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divorce and property division
Divorce And Property Division

Divorce and Property Division Lawyers

One of the most difficult parts of going through a divorce and property division settlement is the emotions involved with separating everything that you have acquired during the years of your marriage. Dividing up the contents of the marital home during a divorce is only one part of the property division settlement. There are many other areas to consider when developing a plan for the fair and equitable division of marital property. The property division area of your divorce settlement includes all marital assets and all marital debts, and many things you may not initially think of.

Property Division is Complex and an Important Part of Your Divorce Agreement

Working with an experienced family law firm early in the divorce process will provide the most financial benefits to you. At Anderson Boback & Marshall, our attorneys concentrate on family law and divorce in Illinois, which means we deal with the complexities of divorce and property division each and every day. This includes helping our clients with a strategy and plan for property division and a divorce settlement that provides a fair distribution of assets while limiting your liability and considering your future.

Division of Marital Property in Illinois

Get Answers To Your Questions About Marital Property Division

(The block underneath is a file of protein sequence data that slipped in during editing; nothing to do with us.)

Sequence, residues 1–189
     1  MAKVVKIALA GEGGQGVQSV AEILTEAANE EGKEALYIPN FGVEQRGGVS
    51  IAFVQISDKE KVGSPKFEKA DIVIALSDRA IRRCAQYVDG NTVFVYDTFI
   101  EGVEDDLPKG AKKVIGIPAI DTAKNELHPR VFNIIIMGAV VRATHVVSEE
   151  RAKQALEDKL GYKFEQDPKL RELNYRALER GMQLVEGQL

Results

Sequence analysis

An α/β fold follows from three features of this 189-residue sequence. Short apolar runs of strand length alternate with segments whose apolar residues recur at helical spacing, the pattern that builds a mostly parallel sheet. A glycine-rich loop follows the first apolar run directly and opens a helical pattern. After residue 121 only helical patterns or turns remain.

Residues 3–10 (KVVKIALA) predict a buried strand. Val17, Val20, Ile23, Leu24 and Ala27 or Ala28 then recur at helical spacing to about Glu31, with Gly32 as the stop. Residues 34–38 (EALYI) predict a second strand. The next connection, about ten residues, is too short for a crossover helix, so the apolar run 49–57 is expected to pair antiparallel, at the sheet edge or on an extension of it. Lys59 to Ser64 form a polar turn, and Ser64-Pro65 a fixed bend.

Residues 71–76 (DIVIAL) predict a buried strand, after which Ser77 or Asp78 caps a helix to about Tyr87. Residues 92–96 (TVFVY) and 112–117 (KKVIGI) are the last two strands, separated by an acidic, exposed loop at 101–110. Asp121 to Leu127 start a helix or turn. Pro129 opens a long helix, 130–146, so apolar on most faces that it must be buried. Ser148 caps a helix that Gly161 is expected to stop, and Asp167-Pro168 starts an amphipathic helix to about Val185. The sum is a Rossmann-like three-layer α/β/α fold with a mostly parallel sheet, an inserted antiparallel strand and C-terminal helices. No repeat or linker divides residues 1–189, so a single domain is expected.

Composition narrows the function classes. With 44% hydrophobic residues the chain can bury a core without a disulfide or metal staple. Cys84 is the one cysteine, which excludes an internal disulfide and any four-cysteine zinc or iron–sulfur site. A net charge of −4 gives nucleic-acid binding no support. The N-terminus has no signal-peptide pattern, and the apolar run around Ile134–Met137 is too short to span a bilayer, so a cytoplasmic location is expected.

Dividing marital property during a divorce involves separating the assets and the debt acquired during the marriage. While this may sound like a simple process, it is almost always complicated by emotions and disagreements. Determining the overall equity of all assets and debts from your marriage affects every area of your divorce.

Asset Valuation

It is important to list the purchase date and amount of each asset and any amount owed to determine the current equity of each asset. All assets purchased during the marriage are considered marital assets regardless of who earned the most money. The only exceptions would be items specifically excluded in a prenuptial agreement or in an inheritance situation. Marital assets include the family home and any vacation homes, all vehicles including recreational vehicles, motorcycles, and boats, all bank accounts; checking and savings, investments, pensions, retirement accounts, artwork and any other items of value acquired during the marriage.

Separation of Debt

Marital debt is treated in the same way as marital assets and can become complicated when dividing businesses, professional practices, investments, and debt for high-dollar assets. Make a list of all debts including the debtor the balance owed and the listed responsible party whether that is you, your spouse, or a joint obligation. Continue to make payments on any debt you have been paying and keep track of your expenditures.